Exploding the Cloud Storage Banana

Storage Banana shows how cloud persistence is functionally diverse and optimized

Internally, my group (specifically Dave McCrory & Greg Althaus) has been kicking around some new ways of expressing clouds in an effort to help reconcile Dell’s traditional and cloud focused businesses.  We’ve found it challenging to translate CAP theorem and

externalized application state into more enterprise-ready concepts.

Our latest effort led to a pleasantly succinct explanation of why cloud storage is different than enterprise storage.  Ultimately, it’s a matter of control and optimization.  Cloud persistence (Cache, Queue, Tables, Objects) is functionally diverse in order to optimize for price and performance while enterprise storage (SAN, NAS, SQL) is control and centralization driven.  Unfortunately for enterprises, the data genie is out of the Pandora’s box with respect to architectures that drive much lower cost and higher performance.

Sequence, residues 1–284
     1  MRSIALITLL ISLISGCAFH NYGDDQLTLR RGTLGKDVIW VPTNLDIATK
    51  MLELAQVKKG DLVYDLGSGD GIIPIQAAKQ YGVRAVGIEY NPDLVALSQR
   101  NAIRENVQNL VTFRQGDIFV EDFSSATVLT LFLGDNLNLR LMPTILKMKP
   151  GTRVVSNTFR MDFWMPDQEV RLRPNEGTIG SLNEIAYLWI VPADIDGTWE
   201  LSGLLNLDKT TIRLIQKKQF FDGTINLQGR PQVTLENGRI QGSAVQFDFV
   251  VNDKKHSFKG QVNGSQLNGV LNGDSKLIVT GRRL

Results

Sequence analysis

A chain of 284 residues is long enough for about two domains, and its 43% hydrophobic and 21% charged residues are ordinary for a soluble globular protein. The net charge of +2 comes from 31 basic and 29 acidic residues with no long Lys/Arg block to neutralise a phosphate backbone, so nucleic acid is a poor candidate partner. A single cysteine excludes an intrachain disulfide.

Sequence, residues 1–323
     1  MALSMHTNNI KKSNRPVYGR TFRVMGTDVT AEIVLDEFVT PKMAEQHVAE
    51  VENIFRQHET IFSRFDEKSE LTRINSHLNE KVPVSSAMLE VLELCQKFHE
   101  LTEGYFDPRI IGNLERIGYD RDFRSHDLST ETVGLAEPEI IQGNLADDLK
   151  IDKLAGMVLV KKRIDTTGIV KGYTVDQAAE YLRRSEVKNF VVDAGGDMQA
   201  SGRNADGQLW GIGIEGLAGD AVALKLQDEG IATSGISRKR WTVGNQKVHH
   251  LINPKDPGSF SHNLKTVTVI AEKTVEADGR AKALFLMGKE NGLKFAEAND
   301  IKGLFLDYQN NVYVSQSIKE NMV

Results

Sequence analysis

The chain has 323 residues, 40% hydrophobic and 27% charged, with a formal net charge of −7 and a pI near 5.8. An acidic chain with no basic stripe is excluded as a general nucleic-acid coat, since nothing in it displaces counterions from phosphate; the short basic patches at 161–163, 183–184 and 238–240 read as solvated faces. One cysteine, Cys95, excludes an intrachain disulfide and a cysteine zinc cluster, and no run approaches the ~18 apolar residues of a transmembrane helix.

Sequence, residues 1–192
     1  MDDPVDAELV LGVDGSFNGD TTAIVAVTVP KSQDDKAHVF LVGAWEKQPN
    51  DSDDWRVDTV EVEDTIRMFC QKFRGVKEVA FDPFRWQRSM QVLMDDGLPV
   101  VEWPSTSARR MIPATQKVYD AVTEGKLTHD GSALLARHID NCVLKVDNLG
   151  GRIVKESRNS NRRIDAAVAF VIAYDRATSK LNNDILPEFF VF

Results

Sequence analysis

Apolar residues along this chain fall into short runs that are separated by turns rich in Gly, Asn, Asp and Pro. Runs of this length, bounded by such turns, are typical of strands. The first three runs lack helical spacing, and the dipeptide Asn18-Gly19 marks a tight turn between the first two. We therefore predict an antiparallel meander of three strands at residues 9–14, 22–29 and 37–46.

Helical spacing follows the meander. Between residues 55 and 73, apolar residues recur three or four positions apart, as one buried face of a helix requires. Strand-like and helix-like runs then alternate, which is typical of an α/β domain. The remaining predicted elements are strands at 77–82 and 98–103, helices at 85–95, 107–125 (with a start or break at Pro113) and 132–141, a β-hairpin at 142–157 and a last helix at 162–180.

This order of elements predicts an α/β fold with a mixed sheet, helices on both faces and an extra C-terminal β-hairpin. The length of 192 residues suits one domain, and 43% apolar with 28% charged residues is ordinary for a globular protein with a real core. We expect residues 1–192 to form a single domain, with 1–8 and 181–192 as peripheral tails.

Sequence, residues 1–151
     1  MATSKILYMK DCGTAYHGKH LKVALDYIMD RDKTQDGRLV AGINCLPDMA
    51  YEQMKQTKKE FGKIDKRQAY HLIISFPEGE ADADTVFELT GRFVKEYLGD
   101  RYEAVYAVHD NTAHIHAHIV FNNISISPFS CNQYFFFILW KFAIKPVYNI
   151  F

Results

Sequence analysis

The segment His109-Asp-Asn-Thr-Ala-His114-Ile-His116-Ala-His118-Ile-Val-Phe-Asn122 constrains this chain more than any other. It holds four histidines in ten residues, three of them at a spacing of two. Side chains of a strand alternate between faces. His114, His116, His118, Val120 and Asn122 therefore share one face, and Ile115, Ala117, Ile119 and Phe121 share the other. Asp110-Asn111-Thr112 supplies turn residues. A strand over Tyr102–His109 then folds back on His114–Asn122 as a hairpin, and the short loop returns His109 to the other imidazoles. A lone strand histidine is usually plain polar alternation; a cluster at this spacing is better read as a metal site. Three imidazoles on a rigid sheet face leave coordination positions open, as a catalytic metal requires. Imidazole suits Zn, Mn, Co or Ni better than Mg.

The background on this irresistible transformation begins with seeing storage as a spectrum of services as per the table below.




Block (SAN) iSCSI, Infiband:

Amazon EBS, EqualLogic, EMC Symmeterix


NetApp, PowerVault, EMC Clariion

Database (ACID) MS SQL, Oracle 11g, MySQL, Postgres



Object DX/Caringo, OpenStack Swift, EMC Atmos
Map/Reduce Hadoop DFS
Key Value Cassandra, CouchDB, Riak, Reddis, Mongo
Queue (Bus) RabbitMQ, ActiveMQ, ZeroMQ, OpenMQ, Celery



Messaging AMPQ, MSMQ (.NET)
Shared RAM MemCache, Tokyo Cabinet

From this table, I approximated the relative price and performance for each component in the storage spectrum.

The result was the “cloud storage banana” graph.  In this graph, enterprise storage is clustered in the “compromise” quadrant where there’s a high price for relatively low performance.  The cloud persistence refuses to be clustered at all.  To save cost and enable distributed data, applications will use cheap but slow object storage.  This drives the need for high speed RAM based cache and distributed buses. These approaches are required when developers build fault tolerance at the application level.